Central venous catheters are often utilized in the acute care management of the traumatic brain injury (TBI) patient. While in the agitated phase of recovery, TBI patients often focus on removing indwelling tubes or venous access lines. Air embolism is among the most serious complications reported in the use of central venous catheters. We present a case of air embolism in an agitated patient, and discuss prevention methodologies. A 38-year-old male was involved in a fall, with an initial Glasgow Coma Scale of 12. CAT scan imaging revealed a left frontal intracerebal haematoma. He required central venous catheter placement for management of associated chest and abdominal injuries. Agitated from early in his stay, the patient was able to twist off several hubs frm the central venous catheter with his teeth, resulting in an air embolus. The patient experienced sudden clinical deterioration with oxygen saturation decling to 70%. The patient's course improved after several days of ventilatory support. He eventually successfully completed inpatient rehabilitation, achieving independence in activities of daily living and ambulation. This case illustrates a serious potential complication in the agitated patient. Physicians and rehabilitation specialists should advocate for secured taping of central venous catheter hubs and adequate padding of catheter dressings in agitated patients.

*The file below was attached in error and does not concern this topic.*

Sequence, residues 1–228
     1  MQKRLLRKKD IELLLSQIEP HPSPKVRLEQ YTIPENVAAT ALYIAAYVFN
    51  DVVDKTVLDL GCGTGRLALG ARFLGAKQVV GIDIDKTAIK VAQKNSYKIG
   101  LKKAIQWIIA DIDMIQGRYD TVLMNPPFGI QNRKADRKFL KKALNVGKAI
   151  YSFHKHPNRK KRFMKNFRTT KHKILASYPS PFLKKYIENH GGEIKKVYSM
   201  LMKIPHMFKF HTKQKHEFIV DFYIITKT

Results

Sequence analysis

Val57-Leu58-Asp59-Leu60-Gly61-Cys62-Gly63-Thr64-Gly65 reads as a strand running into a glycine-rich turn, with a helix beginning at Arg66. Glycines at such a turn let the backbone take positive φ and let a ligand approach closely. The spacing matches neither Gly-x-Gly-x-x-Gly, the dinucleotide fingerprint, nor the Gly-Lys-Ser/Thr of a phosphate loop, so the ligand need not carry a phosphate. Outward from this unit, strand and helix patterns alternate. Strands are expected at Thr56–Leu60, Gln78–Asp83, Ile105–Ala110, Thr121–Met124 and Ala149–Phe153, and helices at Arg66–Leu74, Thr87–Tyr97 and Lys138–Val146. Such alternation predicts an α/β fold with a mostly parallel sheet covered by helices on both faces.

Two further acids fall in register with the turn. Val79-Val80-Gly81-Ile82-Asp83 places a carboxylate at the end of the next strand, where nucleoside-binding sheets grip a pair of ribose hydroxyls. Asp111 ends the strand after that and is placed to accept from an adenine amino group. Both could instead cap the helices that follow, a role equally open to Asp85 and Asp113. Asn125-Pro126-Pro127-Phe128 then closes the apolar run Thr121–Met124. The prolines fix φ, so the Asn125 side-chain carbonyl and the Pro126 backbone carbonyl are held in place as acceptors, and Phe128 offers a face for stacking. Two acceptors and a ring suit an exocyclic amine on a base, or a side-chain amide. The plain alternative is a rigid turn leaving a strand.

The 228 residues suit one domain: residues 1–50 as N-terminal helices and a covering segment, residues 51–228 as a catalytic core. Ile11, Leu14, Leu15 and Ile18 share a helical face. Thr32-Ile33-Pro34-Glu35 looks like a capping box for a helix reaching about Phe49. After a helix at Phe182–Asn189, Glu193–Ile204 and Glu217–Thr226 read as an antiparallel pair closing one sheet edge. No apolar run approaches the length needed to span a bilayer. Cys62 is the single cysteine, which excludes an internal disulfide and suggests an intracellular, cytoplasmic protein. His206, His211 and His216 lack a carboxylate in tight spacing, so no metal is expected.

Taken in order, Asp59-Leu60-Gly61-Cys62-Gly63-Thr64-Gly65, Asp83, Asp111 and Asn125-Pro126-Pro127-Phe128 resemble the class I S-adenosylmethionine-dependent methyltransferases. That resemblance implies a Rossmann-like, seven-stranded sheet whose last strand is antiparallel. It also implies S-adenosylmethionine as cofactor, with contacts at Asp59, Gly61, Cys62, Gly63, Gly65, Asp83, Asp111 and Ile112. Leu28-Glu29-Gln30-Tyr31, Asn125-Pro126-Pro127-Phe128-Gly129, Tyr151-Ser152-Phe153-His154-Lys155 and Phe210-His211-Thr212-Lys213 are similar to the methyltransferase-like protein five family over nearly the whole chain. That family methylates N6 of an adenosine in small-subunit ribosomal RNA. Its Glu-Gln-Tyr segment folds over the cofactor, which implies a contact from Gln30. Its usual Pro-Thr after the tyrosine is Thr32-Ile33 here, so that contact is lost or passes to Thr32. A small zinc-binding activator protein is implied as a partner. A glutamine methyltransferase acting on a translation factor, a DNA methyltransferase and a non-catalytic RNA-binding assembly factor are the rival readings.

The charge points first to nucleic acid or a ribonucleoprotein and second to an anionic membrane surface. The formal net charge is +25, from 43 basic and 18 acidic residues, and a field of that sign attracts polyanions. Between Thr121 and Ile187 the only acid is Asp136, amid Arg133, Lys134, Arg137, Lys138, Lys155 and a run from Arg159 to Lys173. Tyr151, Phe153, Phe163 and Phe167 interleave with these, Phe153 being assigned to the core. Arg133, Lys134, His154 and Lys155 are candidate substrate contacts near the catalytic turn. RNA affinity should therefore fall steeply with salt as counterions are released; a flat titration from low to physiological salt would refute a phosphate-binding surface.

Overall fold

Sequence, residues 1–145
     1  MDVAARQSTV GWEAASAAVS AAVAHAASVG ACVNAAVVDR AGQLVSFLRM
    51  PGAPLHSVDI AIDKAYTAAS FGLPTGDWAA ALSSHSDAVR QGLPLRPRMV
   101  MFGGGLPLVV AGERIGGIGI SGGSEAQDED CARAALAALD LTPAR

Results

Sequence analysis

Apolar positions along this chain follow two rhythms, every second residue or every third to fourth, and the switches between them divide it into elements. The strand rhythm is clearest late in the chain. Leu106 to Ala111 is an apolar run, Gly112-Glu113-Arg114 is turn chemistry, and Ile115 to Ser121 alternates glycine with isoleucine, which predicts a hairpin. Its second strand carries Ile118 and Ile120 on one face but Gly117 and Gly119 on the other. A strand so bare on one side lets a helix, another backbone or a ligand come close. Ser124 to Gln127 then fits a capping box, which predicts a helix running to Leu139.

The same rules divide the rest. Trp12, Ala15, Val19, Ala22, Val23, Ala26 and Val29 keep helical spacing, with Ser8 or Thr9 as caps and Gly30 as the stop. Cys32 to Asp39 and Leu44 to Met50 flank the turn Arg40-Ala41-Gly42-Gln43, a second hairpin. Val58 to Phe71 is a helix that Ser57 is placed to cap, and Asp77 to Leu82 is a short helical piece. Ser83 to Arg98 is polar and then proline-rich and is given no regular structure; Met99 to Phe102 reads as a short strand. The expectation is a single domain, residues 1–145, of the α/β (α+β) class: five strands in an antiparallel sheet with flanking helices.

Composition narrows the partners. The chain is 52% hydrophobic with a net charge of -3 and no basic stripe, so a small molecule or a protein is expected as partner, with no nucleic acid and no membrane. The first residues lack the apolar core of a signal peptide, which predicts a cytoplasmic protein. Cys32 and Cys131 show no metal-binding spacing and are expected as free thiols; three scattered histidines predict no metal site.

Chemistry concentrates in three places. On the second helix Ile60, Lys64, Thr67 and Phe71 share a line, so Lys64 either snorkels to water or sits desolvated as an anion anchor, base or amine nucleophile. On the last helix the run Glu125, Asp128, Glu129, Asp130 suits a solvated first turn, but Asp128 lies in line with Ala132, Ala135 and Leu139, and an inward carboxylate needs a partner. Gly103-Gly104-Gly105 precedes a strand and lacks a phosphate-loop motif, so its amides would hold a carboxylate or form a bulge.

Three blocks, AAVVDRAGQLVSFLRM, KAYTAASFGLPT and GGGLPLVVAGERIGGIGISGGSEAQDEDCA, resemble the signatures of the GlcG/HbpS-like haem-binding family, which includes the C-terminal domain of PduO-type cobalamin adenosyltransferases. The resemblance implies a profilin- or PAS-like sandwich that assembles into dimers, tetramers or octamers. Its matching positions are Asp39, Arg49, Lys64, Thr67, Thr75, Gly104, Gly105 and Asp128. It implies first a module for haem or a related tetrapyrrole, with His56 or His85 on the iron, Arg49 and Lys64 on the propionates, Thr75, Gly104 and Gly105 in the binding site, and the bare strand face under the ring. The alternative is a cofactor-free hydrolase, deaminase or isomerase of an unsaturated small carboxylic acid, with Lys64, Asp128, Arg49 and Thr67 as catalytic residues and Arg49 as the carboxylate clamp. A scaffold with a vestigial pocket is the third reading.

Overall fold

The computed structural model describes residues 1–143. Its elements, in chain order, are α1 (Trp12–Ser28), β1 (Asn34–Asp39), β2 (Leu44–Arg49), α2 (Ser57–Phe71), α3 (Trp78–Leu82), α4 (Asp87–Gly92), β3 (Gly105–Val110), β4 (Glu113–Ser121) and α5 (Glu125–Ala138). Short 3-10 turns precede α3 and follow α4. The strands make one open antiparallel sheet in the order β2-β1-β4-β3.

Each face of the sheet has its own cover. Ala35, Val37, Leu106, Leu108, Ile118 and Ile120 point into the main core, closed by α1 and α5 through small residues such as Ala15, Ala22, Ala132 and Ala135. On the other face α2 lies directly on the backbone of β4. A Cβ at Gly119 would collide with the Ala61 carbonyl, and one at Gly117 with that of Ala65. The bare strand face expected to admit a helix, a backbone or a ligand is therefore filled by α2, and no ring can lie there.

|Original language||English (US)|
|Number of pages||4|
|State||Published - Oct 1996|
ASJC Scopus subject areas
- Neuroscience (miscellaneous)
- Developmental and Educational Psychology
- Clinical Neurology